A 64-year-old man with stage IV colon cancer underwent right hemicolectomy on May 12, 2006. As he did not visit a hospital, he was not aware of the symptoms until a very late stage of colon cancer. During surgery, he was diagnosed as T4b, N3, H0, P1, M1, with 11 metastases of 28 para-aortic lymph nodes and direct abdominal wall invasion accompanied by ascites (Fig. 3) and he underwent non-curative (R2) resection. He received first-line adjuvant chemotherapy (tegafur 400 mg/uracil 75 mg; 8 courses) until February 2008. However, the therapy was subsequently replaced with bevacizumab in combination with oxaliplatin, fluorouracil, and leucovorin (FOLFOX4: 13 courses) owing to an increase in the size of the remaining para-aortic lymph nodes. From May 2008, he was administered the third round of adjuvant chemotherapy comprising 12 courses of capecitabine (300 mg/day). However, a new 4-mm mass appeared on CT of the left lung in August 2008 and was confirmed in July 2009 (Fig. 4). Chemotherapy was continued until he experienced cerebral infarction in February 2009. After rehabilitation, he was administered AFTV (prepared as reported in , using paraffin-embedded autologous primary and lymph node-metastasized colon cancer instead of breast cancer) in August 2009, and he received radiation to the increasing para-aortic lymph nodes (50 Gy/25 frac/5 weeks). After the radiation therapy, he was administered a second course of AFTV in July 2010. The CA19-9 level decreased gradually, and the para-aortic lymph node metastases disappeared (confirmed in 2015; Fig. 5 for the lymph node and Fig. 6 for the CA19-9 level). The mass observed in the left lung also disappeared without direct radiation therapy. Combined treatments with conventional chemotherapy, two courses of AFTV, and radiation helped to resolve his condition, and there has been no recurrence for more than 5 years.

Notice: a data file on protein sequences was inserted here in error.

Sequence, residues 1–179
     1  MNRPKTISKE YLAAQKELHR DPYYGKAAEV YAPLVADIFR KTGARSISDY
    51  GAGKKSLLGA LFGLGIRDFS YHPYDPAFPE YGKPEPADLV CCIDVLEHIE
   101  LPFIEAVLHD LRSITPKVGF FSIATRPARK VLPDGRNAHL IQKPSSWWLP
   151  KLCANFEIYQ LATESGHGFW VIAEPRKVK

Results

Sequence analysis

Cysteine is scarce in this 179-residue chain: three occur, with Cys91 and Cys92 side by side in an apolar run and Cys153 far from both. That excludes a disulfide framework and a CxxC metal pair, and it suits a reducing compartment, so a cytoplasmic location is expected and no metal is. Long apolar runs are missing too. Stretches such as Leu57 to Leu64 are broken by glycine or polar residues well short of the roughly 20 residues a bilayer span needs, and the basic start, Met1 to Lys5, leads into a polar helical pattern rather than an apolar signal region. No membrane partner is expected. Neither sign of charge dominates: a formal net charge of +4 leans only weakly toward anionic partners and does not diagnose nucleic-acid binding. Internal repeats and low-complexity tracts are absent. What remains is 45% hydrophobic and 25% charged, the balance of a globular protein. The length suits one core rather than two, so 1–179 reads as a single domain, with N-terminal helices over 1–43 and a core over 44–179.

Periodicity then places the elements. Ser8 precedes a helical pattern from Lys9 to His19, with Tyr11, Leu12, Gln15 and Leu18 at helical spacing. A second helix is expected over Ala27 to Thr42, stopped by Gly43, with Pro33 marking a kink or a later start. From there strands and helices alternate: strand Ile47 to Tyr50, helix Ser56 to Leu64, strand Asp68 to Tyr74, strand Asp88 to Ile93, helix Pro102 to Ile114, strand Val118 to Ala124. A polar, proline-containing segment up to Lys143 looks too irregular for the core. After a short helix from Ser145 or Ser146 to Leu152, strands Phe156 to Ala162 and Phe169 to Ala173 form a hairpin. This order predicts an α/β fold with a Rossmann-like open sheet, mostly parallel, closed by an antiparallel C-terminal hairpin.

Gall bladder cancer and abdominal wall-metastasized colon cancer have a poor prognosis despite the advances in surgical techniques, chemotherapy, and radiation therapy. Patients with progressive cancer are waiting for new additional therapies, such as the combination of irradiation and immunotherapy. We have already reported on the success of combined treatments including AFTV for advanced breast cancer with bone metastasis . Therefore, this is the second report of a long-lasting complete response of stage IV cancer after combined treatments including AFTV from our institution.